West Virginia Chemical Spill: Water Is Now Safe to Drink
(CHARLESTON, W. Va.) -- After five days forsaking showers and brushing their teeth with bottled water, an estimated 300,000 residents around Charleston, W. Va., will once again have access to safe tap water.
Gov. Earl Ray Tomblin said Monday a "do not use" order is being lifted in zones after extensive testing deemed the water safe to drink.
Officials said the ban was being lifted in a "strict, methodical manner" to ensure the water system isn't overwhelmed with demand. Customers are also being advised by West Virginia American Water to flush out their pipes before using tap water again.
Over the weekend, FEMA handed out more than 2 million liters of fresh water, while residents said many grocery store shelves remained stocked with bottles of water for purchase.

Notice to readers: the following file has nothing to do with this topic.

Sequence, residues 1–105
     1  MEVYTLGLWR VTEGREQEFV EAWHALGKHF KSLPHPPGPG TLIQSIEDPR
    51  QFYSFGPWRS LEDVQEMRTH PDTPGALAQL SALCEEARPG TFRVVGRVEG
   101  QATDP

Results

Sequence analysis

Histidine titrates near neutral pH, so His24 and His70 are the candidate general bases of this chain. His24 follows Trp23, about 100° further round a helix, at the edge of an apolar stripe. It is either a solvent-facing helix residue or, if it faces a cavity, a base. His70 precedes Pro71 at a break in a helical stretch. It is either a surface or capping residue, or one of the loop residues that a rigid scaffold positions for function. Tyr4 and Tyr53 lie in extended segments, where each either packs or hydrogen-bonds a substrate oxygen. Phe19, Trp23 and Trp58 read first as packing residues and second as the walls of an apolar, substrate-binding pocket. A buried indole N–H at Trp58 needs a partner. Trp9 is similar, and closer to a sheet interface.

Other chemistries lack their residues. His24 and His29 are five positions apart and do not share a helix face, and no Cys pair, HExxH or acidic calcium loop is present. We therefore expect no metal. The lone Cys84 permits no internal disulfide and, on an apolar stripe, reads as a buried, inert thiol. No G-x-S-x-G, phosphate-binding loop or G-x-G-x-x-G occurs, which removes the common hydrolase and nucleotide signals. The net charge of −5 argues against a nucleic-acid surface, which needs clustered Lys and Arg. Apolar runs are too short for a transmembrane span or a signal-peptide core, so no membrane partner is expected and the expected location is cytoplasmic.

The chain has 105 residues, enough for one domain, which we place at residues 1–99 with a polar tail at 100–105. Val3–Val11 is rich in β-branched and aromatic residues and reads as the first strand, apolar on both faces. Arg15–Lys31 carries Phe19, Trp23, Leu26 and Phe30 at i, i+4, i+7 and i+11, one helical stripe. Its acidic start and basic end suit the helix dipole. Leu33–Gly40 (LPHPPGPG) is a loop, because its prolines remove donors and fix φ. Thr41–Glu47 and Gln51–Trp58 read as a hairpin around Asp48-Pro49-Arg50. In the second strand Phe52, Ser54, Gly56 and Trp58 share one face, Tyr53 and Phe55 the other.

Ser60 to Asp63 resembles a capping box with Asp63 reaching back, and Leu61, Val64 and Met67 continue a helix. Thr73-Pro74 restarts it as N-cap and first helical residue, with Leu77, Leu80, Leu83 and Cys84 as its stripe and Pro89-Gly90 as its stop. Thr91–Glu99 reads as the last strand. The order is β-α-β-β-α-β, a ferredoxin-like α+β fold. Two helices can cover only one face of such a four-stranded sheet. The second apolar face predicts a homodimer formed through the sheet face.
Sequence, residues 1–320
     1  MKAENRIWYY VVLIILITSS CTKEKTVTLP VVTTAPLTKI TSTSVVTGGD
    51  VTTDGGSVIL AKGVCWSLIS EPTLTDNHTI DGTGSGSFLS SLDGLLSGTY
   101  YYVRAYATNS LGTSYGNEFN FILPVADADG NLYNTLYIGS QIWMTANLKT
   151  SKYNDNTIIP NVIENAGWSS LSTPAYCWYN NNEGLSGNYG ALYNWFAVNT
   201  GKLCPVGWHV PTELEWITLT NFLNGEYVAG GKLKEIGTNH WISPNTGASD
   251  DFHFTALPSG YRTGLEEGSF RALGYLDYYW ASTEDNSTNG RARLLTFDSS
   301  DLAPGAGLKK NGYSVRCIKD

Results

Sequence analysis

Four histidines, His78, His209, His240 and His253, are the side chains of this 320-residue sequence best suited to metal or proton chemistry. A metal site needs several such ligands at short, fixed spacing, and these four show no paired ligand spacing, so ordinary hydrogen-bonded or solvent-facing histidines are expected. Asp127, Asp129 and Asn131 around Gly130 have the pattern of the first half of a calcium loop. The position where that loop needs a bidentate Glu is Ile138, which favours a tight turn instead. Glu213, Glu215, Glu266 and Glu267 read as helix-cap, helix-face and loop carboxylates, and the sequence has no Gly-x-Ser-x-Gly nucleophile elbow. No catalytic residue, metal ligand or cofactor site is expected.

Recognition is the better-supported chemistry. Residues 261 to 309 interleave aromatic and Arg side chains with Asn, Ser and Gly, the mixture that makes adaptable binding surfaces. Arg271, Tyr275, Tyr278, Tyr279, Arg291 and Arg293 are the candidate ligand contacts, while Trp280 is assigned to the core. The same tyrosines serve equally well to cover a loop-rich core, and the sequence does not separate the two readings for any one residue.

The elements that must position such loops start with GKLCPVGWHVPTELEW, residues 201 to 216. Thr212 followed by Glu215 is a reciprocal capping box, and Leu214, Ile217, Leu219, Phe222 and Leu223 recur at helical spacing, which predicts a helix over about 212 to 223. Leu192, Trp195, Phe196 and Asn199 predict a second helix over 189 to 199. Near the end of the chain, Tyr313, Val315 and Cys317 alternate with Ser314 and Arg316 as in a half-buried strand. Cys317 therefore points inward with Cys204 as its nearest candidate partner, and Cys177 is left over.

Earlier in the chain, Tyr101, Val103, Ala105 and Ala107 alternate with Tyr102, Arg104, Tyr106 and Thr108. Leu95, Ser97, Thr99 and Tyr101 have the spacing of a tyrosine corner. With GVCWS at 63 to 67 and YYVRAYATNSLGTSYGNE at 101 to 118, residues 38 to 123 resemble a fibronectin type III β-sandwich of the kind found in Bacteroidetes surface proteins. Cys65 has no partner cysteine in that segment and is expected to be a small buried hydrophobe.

West Virginia's water woes began on Thursday when thousands of gallons of a licorice-smelling chemical used to process coal leaked into the Elk River, prompting the West Virginia American Water Company to issue a "do not use" order.
The U.S. Chemical Safety Board said it has sent an investigative team to the site of the spill to determine a cause.
Copyright 2014 ABC News Radio
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